American Marine Scientists have discovered the remains of the Endeavour, the fine old ship sailed by Captain James Cook on his voyage of discovery along the Eastern Seaboard of Australia in 1770.

It lies at the bottom of the harbour at Newport, Rhode Island, where it was scuttled during the American War of Independence long after Cook had died on his third world voyage.

My hope is that the remnants of the Endeavour can be brought Australia and placed in a new Museum which can be built at Cooktown. There, it can become part of an international study centre on the enormous impact it had on life on the Australian continent, changing forever the proud heritage of 65000 years of indigenous habitation.

Sadly, we are now at a time in Australian history where an influential minority are demonising James Cook, accusing him of being the originator of every social and economic problem that Indigenous Australians have faced, and will face, into an uncertain future.

However, I am one who seeks to differ quite passionately, but courteously.

Let us look objectively at what Cook and the Endeavour actually did.

Firstly, he was sent out here on the direct orders of the King of  England to find the Great South Land and formally claim it for England. He carried out his instructions to the letter and did it with great skill and determination. Indeed, it was one of the great feats of exploration in world history.

His modern critics say that he made no effort to negotiate with the indigenous people whom he encountered on his voyage before he ‘arrogantly’ claimed the land for the King.

This is true. He did not negotiate, but he did report to the King that the land was occupied. He made no attempt to claim that this was an empty continent.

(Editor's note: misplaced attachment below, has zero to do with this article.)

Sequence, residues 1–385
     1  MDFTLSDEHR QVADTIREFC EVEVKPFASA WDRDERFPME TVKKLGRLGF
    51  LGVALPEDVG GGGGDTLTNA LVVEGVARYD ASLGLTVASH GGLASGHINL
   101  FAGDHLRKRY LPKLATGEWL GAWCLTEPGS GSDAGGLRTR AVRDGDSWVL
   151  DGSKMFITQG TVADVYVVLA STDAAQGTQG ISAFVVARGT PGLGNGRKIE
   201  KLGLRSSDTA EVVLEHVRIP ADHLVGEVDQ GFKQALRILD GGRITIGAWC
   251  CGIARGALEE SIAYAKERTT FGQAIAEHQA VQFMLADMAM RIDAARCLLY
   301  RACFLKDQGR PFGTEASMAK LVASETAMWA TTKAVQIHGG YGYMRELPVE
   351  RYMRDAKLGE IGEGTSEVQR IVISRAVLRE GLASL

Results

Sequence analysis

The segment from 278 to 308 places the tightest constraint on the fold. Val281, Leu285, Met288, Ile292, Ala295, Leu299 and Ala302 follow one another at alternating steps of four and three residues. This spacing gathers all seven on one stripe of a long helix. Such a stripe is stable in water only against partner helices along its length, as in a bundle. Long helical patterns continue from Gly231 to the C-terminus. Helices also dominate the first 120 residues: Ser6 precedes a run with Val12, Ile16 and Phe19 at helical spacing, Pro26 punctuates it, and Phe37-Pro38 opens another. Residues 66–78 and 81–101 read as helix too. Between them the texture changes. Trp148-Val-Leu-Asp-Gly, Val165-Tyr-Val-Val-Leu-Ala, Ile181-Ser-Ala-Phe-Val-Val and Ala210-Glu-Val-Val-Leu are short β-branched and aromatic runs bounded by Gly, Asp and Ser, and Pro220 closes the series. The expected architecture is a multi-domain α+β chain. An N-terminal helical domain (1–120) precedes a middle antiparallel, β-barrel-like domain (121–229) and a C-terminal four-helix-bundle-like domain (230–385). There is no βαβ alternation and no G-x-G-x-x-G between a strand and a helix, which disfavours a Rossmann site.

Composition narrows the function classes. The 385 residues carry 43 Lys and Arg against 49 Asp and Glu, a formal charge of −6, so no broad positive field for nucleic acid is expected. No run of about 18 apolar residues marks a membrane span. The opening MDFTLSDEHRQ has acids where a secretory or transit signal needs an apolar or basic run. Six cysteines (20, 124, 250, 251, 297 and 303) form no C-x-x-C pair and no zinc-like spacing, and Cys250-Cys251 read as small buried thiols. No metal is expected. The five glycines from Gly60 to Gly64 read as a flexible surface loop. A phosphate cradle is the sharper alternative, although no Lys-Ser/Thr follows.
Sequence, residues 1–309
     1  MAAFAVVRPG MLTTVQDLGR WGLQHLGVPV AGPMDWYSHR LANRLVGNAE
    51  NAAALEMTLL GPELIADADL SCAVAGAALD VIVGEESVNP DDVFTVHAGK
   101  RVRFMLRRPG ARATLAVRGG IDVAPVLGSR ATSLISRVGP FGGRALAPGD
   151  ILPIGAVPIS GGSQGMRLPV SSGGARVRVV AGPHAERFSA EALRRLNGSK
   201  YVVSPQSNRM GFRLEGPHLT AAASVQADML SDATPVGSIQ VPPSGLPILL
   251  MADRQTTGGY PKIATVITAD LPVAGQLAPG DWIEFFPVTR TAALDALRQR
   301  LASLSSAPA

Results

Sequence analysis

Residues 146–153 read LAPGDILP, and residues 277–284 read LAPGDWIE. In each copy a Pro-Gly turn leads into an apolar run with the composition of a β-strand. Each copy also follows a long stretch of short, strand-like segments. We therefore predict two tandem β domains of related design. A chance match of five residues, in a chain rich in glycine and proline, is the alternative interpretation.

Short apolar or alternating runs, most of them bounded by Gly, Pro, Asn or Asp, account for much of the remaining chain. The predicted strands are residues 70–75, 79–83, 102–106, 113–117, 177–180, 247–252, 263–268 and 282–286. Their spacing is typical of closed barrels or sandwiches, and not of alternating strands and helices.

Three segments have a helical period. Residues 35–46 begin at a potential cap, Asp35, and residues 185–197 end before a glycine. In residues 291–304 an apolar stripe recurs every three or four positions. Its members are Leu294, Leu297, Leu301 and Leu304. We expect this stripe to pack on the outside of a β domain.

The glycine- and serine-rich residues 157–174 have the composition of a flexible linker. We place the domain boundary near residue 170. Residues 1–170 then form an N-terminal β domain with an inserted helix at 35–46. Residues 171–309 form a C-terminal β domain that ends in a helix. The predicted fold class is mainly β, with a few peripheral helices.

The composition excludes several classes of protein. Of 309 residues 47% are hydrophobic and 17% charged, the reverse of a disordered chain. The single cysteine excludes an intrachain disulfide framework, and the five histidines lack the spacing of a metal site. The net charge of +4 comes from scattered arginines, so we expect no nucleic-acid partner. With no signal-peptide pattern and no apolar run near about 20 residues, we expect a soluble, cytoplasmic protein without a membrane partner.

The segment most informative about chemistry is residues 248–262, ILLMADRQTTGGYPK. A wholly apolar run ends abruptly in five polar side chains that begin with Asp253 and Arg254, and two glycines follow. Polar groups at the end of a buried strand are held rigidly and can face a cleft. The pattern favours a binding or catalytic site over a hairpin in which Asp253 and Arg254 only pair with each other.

But, we now know that there was no Aboriginal nation to negotiate with. There were hundreds of tribes and dialects which would have presented a nigh impossible negotiating situation.

So, let us stop denigrating James Cook or try to claim that the Endeavour had no right to come here. After all, the Dutch and French had turned up around the same time with the same intent. One European nation or another was destined to take the Great South Land.

The facts before us now are these.

The British King, not Cook, made the decision to invade Australia and set up a penal colony at Botany Bay.

The British settlers stole the finest land and its food supply from the indigenous people, directly killing 30,000 of them in doing so. It was not the proudest moment in British history.

Ever since then, Australian Governments have made a ridiculous hash of making peace with the original inhabitants, throwing money at them when this was never going to solve the problem.

And, indigenous people have shown great bitterness about being deprived of their ancient lands despite the fact that none of the subsequent white Australians were responsible for their problems. They too inherited the results of history and can justly claim that they did not create the tragedy, yet are suffering also from its legacies.

So, where do we go from here.

I do not believe that a European Australian has yet been born who can solve this immense issue. It is simply huge.

Similarly, I do not believe that an Indigenous Australian has yet been born who has the stature and skill to achieve a solution either.

Nevertheless, the attempt must be made.

A Treaty does not appear to be a solution as there is no such thing as a Treaty between people who are citizens of the same nation.

And an Aboriginal Parliament gives the clear impression of being a cosmetic activity that is like a band aid on a huge wound. It would simply be legally unworkable.

Perhaps we can look once more at the Endeavour for a solution.

This sturdy ship went around the world with safety and achievement because it had a skilled captain who was a superb leader with an extraordinary ability to weld together a strong and able team who had one goal, ie, to carry out their orders and get home safely.